Ratings Key



★★★★
= Excellent. The best the genre has to offer.
★★★
1/2 = Very Good. Perhaps not "perfect," but undoubtedly a must-see.
★★★ = Good. Accomplishes what it sets out to do and does it well.
★★1/2 = Fair. Clearly flawed and nothing spectacular, but competently made. OK entertainment.
★★ = Mediocre. Either highly uneven or by-the-numbers and uninspired.
1/2 = Bad. Very little to recommend.
= Very Bad. An absolute chore to sit through.
NO STARS! = Abysmal. Unwatchable dreck that isn't even bad-movie amusing.
SBIG = So Bad It's Good. Technically awful movies with massive entertainment value.

Sunday, March 20, 2016

Ching nu yu hun (1960)

... aka: Enchanting Shadow, The
... aka: L'ombre enchanteresse (The Enchanting Shadow)
... aka: Qiannü youhun

Directed by:
Han Hsiang Li

I've always wanted to put together a comprehensive list of all the horror films produced by Hong Kong's Shaw Brothers, so now's as good a time as any! In the early years, back when SB was still being called Shaw and Sons Ltd., they first dipped their toes into the genre pool with 1954's Ren gui lian (Beyond the Grave); an adaptation of a ghost story by Songling Pu. Like many other early Asian supernatural / ghost films, elements of drama and romance are far more pronounced than the horror content. That doesn't appear to be the case with Anak Pontianak / Son of the Vampire (1958), a sequel to 1957's Pontianak, which centers around a female bloodsucker and her werewolf son and was a Shaw Bros. co-production with Singapore's Malay Film Productions. Unlike with Beyond the Grave and the first Pontianak (which is believed to be missing for good), a (very bad) copy of this film is actually available to view but only in its original language. Following that were a pair of 1959 releases; Chun Yen's Si wang de yue hui (Appointment with Death) and See Luk Chow's Jiang shi fu chou (The Vengeance of the Vampire), neither of which appears to have been released on home video anywhere nor are available to view and are also potentially M.I.A. And that brings us up to 1960 and The Enchanting Shadow, which is generally considered Shaw's very first horror offering despite technically not being its first horror offering. It's certainly more widely-seen than what came before it and has been issued on both VHS and DVD (from Celestial Pictures). The rest of the SB horror list will continue down below but, first, the movie at hand...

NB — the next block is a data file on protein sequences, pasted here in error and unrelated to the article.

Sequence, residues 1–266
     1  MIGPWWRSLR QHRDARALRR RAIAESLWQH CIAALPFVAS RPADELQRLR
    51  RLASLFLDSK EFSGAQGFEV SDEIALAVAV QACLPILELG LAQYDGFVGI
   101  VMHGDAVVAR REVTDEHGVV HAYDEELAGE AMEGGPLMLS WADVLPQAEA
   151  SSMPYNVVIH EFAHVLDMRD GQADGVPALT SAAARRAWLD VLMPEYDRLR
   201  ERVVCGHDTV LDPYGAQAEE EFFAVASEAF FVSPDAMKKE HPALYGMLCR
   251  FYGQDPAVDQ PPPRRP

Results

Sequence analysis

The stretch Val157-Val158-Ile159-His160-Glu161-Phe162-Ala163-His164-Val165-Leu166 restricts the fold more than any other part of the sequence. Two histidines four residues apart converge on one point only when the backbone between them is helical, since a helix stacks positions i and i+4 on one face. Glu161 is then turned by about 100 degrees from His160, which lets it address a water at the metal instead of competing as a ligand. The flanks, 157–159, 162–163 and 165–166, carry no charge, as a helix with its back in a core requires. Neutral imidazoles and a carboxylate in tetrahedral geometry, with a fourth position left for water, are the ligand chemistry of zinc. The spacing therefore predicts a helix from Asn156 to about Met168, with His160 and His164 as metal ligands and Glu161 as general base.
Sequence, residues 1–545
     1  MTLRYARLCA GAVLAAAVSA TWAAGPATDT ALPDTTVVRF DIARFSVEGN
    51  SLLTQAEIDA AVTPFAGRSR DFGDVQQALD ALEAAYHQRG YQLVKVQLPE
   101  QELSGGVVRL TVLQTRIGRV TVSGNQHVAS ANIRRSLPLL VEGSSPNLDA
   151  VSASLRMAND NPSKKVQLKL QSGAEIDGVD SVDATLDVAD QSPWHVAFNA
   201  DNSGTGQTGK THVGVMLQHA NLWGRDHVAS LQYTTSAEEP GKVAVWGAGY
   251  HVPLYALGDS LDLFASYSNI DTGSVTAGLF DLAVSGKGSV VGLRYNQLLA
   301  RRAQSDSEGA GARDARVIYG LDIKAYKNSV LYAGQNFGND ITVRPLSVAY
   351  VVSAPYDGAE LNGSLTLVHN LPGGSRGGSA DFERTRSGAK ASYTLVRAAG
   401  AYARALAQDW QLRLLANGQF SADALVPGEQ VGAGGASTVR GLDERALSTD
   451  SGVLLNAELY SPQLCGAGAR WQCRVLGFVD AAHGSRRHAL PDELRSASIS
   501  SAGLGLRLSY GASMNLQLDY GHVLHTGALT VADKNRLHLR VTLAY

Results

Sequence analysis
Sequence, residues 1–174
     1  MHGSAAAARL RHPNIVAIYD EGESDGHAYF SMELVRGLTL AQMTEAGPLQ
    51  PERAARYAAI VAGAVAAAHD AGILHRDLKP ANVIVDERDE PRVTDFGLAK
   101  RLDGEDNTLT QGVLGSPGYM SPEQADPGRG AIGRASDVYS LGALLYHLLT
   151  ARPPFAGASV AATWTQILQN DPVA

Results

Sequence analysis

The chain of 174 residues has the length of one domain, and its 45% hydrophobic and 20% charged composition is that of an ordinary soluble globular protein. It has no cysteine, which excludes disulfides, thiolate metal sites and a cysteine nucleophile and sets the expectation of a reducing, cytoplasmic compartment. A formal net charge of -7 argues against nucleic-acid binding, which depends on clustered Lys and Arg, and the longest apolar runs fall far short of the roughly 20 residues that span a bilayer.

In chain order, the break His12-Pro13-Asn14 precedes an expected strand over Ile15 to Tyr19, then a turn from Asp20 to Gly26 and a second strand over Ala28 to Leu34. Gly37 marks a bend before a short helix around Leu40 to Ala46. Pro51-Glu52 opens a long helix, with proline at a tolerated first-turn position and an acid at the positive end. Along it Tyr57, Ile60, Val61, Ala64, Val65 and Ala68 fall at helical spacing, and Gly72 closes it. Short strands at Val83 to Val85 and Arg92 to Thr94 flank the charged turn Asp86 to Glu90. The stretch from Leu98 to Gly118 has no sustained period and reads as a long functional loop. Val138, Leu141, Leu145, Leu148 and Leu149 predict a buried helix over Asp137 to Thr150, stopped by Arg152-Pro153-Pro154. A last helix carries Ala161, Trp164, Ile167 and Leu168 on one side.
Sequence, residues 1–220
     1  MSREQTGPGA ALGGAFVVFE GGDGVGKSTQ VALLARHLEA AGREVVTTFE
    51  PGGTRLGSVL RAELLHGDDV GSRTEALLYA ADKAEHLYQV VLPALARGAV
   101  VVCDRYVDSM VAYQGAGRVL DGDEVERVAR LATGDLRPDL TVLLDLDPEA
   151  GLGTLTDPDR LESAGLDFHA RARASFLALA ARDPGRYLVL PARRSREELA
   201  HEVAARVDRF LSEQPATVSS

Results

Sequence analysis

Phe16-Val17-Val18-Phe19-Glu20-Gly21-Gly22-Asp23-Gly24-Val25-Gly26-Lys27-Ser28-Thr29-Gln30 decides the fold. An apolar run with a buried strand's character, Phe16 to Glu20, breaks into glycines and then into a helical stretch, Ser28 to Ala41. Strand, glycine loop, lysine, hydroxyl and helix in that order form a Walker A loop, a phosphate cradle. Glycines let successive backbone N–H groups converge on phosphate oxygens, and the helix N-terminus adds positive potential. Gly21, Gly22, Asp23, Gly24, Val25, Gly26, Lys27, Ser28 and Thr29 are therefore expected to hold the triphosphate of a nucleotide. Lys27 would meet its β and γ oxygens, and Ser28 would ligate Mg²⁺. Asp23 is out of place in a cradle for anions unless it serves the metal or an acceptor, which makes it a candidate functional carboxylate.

Young traveling scholar Ning Caichen (Lei Zhao) arrives in a busy village but is unable to find a hotel to stay in for a few nights because they're all full of soldiers and refugees due to an uprising of warlords and military turmoil. He's told that there's the Jinhua Temple ten miles away in the mountains if he's desperate but is warned not to stay there because everyone thinks it's haunted. Not only that, but it's also believed that every single person who's attempted to spend the night there has mysteriously died. The educated Caichen isn't about to let local superstition get the better of him so he offers to pay a carriage driver extra to just drop him off near the front gate. Upon arrival, Ning meets an older man named Yan Chixia (Chih-Ching Yang), who used to be a heroic swordsman but is now a hermit hiding away from all of the war and chaos. He's staying at the temple, he says, only temporarily, until things blow over. The men share a drink, talk and become friendly, but once a wind chime sounds, Chixia recommends his new friend hit the sack early.






Staying up late writing, Caichen is awoken by music. He follows the sounds to another wing of the temple and discovers a young woman, Xiaoqian Nie (Betty Loh Ti), talking to the moon about her loneliness, strumming a guqin and writing poetry. Xiaoqian lives in a nicer part of the temple with her grandmother Lao Lao (Rhoqing Tang), who stays busy playing games with her friends. Xiaoqian and Caichen eventually bump into each other, work on a poem together to accompany one of her paintings of mandarin duck and it's basically love at first sight... at least for her. When Granny catches them together, she angrily accuses Caichen of trying to seduce her granddaughter, calls him a “shameless playboy” and “an obscene rascal” and banishes him from their residence. Little does she know (or maybe she does), the real seductress is her granddaughter, who sneaks off to Caichen's room moments later and attempts to put the moves on him. He respectfully rejects her advances and sends her on her way.